Service resource

accessed from:


This ServiceResource object stores details about this particular service item, and its place in the overall service structure. A ServiceResource object has attributes such as:


These are generally zero or nil for a single-item service, but represent the values selected in the WebUI for a multi-item service bundle (see Service Object Relationship).

Figure 2. Start and stop actions and delays in a multi-item bundle

The service resource has a relationship to the ServiceTemplate object via child_task.service_resource.service_template.


accessed from:




This is the MiqProvisionRequestTemplate object that describes how the resulting VM will be created. The object looks very similar to a traditional VM provisioning request object, and contains an options hash populated from the dialog options that were selected when the service item was created (e.g. placement options, memory size, CPUs, etc).


accessed from:


This is the same Service object that is accessible from $evm.root['service_template_provision_task'].destination.

Grandchild miq_request_task

accessed from:

child_task.miq_request_tasks.each do |grandchild_task|

This is an ManageIQ_Providers_Redhat_InfraManager_Provision miq_request_task object, and is the task object that represents the creation of the VM. This is exactly the same as the task object described in [vm-provisioning-objects].

It is the grandchild miq_request_task that contains the options hash for the VM to be provisioned; this being cloned from the options hash in the MiqProvisionRequestTemplate object. If we have a service dialog that prompts for properties affecting the provisioned VM (such as VM name, number of CPUs, memory, etc.), we must pass these dialog values to the grandchild task options hash.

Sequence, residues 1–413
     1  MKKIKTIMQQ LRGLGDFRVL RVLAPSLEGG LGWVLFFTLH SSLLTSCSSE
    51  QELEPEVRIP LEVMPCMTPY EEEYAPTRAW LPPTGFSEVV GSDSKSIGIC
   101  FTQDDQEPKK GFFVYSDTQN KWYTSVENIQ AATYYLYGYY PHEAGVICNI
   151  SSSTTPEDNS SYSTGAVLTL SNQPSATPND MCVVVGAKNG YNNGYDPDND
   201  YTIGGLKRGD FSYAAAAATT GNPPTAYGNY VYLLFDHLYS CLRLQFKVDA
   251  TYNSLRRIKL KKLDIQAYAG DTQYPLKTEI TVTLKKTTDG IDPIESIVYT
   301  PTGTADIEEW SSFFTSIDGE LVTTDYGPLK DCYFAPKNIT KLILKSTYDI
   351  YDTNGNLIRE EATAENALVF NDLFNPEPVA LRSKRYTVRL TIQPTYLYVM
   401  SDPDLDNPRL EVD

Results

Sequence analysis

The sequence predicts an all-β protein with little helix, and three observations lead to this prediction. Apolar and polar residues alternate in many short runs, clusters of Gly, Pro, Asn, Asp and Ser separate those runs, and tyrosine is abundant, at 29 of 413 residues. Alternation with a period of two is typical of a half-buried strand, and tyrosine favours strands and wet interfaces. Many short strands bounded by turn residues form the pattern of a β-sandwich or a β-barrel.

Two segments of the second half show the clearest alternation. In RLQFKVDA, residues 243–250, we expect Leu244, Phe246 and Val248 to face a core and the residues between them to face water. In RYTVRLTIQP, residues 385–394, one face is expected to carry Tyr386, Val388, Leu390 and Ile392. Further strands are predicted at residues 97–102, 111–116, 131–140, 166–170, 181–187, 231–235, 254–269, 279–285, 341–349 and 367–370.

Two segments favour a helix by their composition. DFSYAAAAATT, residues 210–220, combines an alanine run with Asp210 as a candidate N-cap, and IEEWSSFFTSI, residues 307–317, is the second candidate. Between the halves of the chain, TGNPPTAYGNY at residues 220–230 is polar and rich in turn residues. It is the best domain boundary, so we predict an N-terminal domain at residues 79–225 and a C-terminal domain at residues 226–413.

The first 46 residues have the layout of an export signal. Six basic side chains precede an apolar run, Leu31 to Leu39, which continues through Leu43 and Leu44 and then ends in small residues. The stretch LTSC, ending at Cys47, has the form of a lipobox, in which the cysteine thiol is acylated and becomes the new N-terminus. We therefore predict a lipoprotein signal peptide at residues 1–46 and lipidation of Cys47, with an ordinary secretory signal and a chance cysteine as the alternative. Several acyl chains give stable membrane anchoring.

accessed from:


This is the ManageIQ_Providers_Redhat_InfraManager_Template object that represents the RHEV template that the new VM will be cloned from.


accessed from:




This is the ManageIQ_Providers_Redhat_InfraManager_Vm object that represents the newly created VM. This VM object has an association service that links to the newly created service object.


In this chapter we’ve taken a detailed look at the various objects that are involved in provisioning a virtual machine from a service. This is the object view from any method running as part of the service provision state machine.

The lowest layer of objects in Service Object Relationship - the grandchild miq_request_task with its source and destination objects - correspond to the virtual machine provisioning objects that we discussed in VM Provisioning Objects. When the service provision state machine hands over to the VM provision state machine, these are indeed the objects that are referenced at this latter stage, just like any other VM provision workflow. Any VM provision state machine methods that we may have written that access the attributes of these objects will see no difference. The only change is in the type of request object; $evm.root['miq_provision'].miq_provision_request will in this case be a service_template_provision_request object.